Poor Twitter. Once again, the platform is getting all the blame for the spread of misinformation during today's breaking news event, when, really, the media facilitated the spread of false reports way before Twitter existed. In fact, all the previous incarnations of news dissemination — radio, TV, and paper — have distributed erroneous facts during major events. That's the nature of breaking news: It's messy, complicated, and confusing. That doesn't excuse reporters for tweeting erroneous details. But, let's blame the right thing here: It's not Twitter, it's reporters.
Here's a look back at three major news events of the last century or so.
The Time TV Got It Wrong: 9/11 Edition
Back in 2001, the old TV media guard got plenty of details wrong in the aftermath of the September 11th attacks. HyperVocal has a rundown of some significant mess-ups, many of which came via the TV news media. For example, here's NBC news reporting that a bomb went off at the Pentagon:
At the time the smoke and acrid smell led D.C.-based reporter Jim Miklaszewski to believe the reports. Of course, now we know that an airplane had crashed into the side of the Pentagon. Similarly, later in the day, CNN reported an explosion on Capitol Hill, which turned out to be false. Still, Hill staffers had to evacuate the building.
The Time Radio Got it Wrong: JFK Assassination Edition
Dallas Radio station KLIF went back and forth in its reporting of John F. Kennedy's assassination, declaring him both in critical condition and dead throughout the broadcast. At one point, a congressman says he saw Kennedy's lips moving at a normal rate of speed en route to hospital; later, they have another report saying that he arrived at the hospital dead. Around 53:30 the radio report says that "rumors ran rampant" that Vice President Lyndon Johnson had also been shot. In addition, NBC radio made the first unofficial announcement of Kennedy's death without an official report, pulling from the Associate Press.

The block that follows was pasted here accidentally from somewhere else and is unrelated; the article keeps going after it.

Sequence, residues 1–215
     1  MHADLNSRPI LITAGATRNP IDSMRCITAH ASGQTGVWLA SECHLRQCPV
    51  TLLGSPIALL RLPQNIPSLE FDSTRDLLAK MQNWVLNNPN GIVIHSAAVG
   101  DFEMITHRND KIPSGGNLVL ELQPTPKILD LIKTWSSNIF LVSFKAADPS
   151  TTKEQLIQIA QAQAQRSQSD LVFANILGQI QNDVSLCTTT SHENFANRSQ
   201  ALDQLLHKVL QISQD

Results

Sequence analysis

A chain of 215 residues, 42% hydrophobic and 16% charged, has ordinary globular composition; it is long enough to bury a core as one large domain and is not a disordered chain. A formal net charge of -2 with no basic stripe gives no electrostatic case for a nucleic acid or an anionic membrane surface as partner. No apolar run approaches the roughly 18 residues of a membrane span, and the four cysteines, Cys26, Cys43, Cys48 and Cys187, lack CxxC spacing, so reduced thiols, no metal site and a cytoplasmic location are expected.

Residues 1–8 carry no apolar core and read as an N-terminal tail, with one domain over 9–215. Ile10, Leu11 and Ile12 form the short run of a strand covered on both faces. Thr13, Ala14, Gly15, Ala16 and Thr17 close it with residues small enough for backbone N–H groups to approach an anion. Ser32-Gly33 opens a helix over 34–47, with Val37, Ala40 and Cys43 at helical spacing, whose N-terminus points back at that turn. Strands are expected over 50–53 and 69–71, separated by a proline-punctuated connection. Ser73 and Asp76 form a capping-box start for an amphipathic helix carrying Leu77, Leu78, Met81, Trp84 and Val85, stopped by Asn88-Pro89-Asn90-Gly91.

According to ReelRadio.com, "an erroneous report of a secret service agent is aired" at 1:38 p.m. CST. Around 55 minutes and 22 seconds into the broadcast the newscaster says: "There is also indication that more than one man is involved in the attack," which certainly sounds like the confusion over suspects in the Boston Marathon bombings.
"Efforts are being made to elucidate certain mysterious circumstances attending the loss of the Titanic, chief among which are the bogus dispatches last Monday stating that the liner was proceeding under her own steam to Halifax," began an April 1912 article in The New York Times, again via HyperVocal. Fake telegraphs circulated suggesting that the Titanic had not indeed sunk. The situation sounds a lot like what happens today, just substitute "telegraphists" for tweeters: "Unfortunately, America is full of amateur wireless telegraphists who have put up their own installations. Some of these men are held for the bogus messages," The Times wrote. As we now know, the Titanic sunk.
And then, of course, there was Dewey Defeats Truman, the inaccurate Chicago Tribune headline following the 1948 election:
(Photo of a jubilant President Harry S. Truman via the Associated Press)
Mistakes have happened in breaking news reporting for decades. While Twitter might spread these false bits of information faster than a telegraph, it also has the benefit of correcting those errors faster than ever before.